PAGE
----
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Cedar Falls co-op holds launch party

CEDAR FALLS | What started as a casual conversation between like-minds over coffee several years ago has grown into a full-fledged grassroots campaign to bring the Cedar Falls Food Co-operative to life.

Though they’re still at least two years away from identifying a storefront location, the founders of the co-cop took a major step forward by opening up membership to the public during a launch party Tuesday evening at the Cedar Falls Community Center.

And what a party it was. The center was packed to the walls, which reverberated with the music of local bluegrass folk band Damascus Road as visitors sampled food from various local farmers and businesses, including Blueridge Orchard, Timber Ridge Bison and Sidecar Coffee.

"I'm thrilled to see this many people support this kind of enterprise," said Co-op treasurer Kristel McClenahan.

Co-op organizers were available to answer questions about the business venture and what membership entails.

“A cooperative is a unique kind of for-profit business,” said Cedar Falls Food Co-op board member Tom Wickersham said. “The business is owned and operated by its member-owners. The value of being a member-owner is you have a say in the direction of the company. You can vote in elections, you can appeal to change the bylaws, those sorts of things. You have that power that you don’t have in other regular businesses around town.”

Food co-ops typically forge partnerships with local farmers and organic or natural food distributors.

“Co-ops are good in terms of economic development,” Wickersham said. “They give back to the community more than regular grocery stores do. It’s just good for the community.”

Having achieved incorporation through the state last month, the goal for Tuesday evening was to begin bringing at least 1,000 member-owners into the fold. Wickersham said the member-owner shares -- at $200 apiece -- will create a financial foundation from which the co-op can launch its future endeavors.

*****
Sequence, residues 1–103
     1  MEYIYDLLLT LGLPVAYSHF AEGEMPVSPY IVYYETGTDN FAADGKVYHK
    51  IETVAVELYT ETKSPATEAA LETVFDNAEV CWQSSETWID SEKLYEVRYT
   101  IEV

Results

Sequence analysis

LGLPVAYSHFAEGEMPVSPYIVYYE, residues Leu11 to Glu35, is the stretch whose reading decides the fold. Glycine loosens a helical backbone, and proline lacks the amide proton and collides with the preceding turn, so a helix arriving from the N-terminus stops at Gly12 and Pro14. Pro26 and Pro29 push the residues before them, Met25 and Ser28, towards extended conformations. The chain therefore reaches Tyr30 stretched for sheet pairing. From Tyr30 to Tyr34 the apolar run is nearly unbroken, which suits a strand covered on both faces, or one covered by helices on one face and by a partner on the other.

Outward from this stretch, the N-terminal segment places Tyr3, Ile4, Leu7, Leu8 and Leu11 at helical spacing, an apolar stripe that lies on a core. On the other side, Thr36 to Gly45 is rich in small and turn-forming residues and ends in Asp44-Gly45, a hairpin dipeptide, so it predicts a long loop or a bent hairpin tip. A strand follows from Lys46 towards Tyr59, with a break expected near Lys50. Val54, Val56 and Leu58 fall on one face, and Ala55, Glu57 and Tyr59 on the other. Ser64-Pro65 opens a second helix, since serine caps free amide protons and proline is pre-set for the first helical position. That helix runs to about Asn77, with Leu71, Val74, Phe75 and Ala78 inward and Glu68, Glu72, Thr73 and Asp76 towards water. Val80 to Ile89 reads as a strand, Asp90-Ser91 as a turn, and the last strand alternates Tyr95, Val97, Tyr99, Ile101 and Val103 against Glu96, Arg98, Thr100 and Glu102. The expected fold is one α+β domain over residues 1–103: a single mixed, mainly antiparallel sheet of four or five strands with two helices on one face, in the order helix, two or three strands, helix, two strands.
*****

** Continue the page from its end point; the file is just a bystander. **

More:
“What we need dollar-wise for a storefront is much, much greater than what we’ll have with membership shares,” Wickersham said. “What they do provide is legitimacy in the eyes of banks that can provide us with loans to get us to where we need to go.”

Member-owners also receive financial dividends based on the level of their participation in the co-op and can participate in special classes offered exclusively to members.

Elizabeth Hackbarth was one of the first people to sign up for a membership Tuesday evening. Having just moved to town from Minneapolis where there are several food co-ops available, Hackbarth said she was thrilled at the possibility of one coming to Cedar Falls.

"I've seen a lack of fresh and healthy food options, so I'm very excited to be advocating for the co-op," Hackbarth said.

Wickersham remained level-headed about the prospect of signing on 1,000 members in one night.

"We’re asking people to take a leap of faith, to invest in a company that won't open its doors for another 2 years," Wickersham said.

Still, he and other board members saw the launch party, which attracted at least a couple hundred people, as an encouraging start.

"We’ve been talking with so many people, and we feel the enthusiasm and interest level is very high," Wickersham added.

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General assignment reporter for the Courier

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